Stukel said his crew is one of seven from Montana to St. Louis along the Missouri River that tracks and studies pallid sturgeon. While Stukel did not have an estimated number of pallid sturgeon that are left, he said the goal is to have a self-sustaining population that does not need to be consistently stocked.

The problem with pallid sturgeon being able to naturally reproduce, Stukel said, is they’re dying at a young age, which is why the species is not self-sustaining. The stocked fish are put into the water when they’re several months old, which allows them to withstand the current.

“The most clear thing that’s been found, not only by our crew but by everyone, the main problem for this species is a period between the age of two days and 18 days, that’s when they raise up in the water and they drift,” Stukel said. “That’s when they’re dying. That’s the bottleneck and the whole issue.”

Stukel, Loecker and Kral have worked together for nine years, spending an average of four to five days per week in the boat. With protective gloves on their hands and waders keeping them dry, they toss out nets that drift along the Missouri River’s floor.

As they retrieve the net, a number of fish species present themselves, including walleye, suckers, catfish and shovelnose sturgeon.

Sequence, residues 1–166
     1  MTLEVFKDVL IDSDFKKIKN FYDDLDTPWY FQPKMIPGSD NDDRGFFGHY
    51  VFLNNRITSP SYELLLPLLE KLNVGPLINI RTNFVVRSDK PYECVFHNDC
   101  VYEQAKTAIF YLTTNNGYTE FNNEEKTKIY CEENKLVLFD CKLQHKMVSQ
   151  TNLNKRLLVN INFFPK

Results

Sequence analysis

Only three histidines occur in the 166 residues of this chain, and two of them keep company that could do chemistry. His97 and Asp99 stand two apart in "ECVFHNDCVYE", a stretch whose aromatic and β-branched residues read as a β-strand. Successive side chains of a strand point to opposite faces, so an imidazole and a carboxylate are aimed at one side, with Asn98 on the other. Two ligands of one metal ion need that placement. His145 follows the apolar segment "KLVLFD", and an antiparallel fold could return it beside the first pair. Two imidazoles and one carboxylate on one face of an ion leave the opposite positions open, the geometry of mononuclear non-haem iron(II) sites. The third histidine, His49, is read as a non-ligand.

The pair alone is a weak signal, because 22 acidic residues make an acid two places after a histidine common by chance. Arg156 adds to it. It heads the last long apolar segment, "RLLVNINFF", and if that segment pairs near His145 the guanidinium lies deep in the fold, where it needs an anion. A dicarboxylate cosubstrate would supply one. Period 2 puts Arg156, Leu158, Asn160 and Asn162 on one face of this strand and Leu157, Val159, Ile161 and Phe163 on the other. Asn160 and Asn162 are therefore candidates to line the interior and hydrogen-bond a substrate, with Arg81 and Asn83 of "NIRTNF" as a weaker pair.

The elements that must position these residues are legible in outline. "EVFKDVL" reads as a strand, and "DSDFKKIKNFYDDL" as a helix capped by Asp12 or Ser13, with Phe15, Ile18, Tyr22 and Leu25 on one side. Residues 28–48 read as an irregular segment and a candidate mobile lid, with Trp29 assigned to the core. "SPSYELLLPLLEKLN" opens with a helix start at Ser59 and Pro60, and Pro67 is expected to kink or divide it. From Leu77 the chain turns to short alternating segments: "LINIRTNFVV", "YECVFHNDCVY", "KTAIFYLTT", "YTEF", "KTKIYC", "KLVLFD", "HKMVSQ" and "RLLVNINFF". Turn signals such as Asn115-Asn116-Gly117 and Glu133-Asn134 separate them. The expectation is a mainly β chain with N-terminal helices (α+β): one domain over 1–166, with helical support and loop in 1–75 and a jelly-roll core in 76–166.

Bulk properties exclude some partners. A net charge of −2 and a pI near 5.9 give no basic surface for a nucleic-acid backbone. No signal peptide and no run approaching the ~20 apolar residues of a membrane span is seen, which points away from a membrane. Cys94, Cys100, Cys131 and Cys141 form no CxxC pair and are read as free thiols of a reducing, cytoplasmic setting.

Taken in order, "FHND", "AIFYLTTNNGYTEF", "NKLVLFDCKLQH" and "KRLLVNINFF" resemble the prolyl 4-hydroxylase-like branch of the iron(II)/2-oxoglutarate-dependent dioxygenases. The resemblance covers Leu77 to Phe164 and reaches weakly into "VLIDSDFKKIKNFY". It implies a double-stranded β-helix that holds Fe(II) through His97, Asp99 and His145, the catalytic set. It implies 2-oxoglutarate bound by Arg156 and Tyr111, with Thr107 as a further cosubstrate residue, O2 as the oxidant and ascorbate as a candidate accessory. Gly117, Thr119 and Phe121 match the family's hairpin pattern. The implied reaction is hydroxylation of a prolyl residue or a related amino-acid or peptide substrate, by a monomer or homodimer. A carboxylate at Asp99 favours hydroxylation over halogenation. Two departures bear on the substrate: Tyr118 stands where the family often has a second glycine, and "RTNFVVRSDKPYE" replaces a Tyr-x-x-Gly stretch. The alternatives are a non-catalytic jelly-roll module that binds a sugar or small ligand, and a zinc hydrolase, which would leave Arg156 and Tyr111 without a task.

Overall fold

“Knowing that you have quality people gives you a lot of confidence and lets you focus on the work you do,” Stukel said. “It makes us efficient and it makes us safe on a part of a river that can be dangerous for inexperienced boaters.”

The crew spends about 70 percent of its time working on the pallid sturgeon project and studying how habitat loss is affecting the species.

Stukel acknowledged he may study the species his entire career and never see it rebound to be a self-sustaining fish. Though, as a fisheries biologist, he may be able to achieve goals by gathering baseline data about the population to determine how to improve pallid sturgeon in the future.

“It’s hard to be patient, both as a biologist and for the public with the money we’re spending,” he said. “We have to think about the long term with this species. It’s not going to happen overnight.”


Information from: The Daily Republic, https://www.mitchellrepublic.com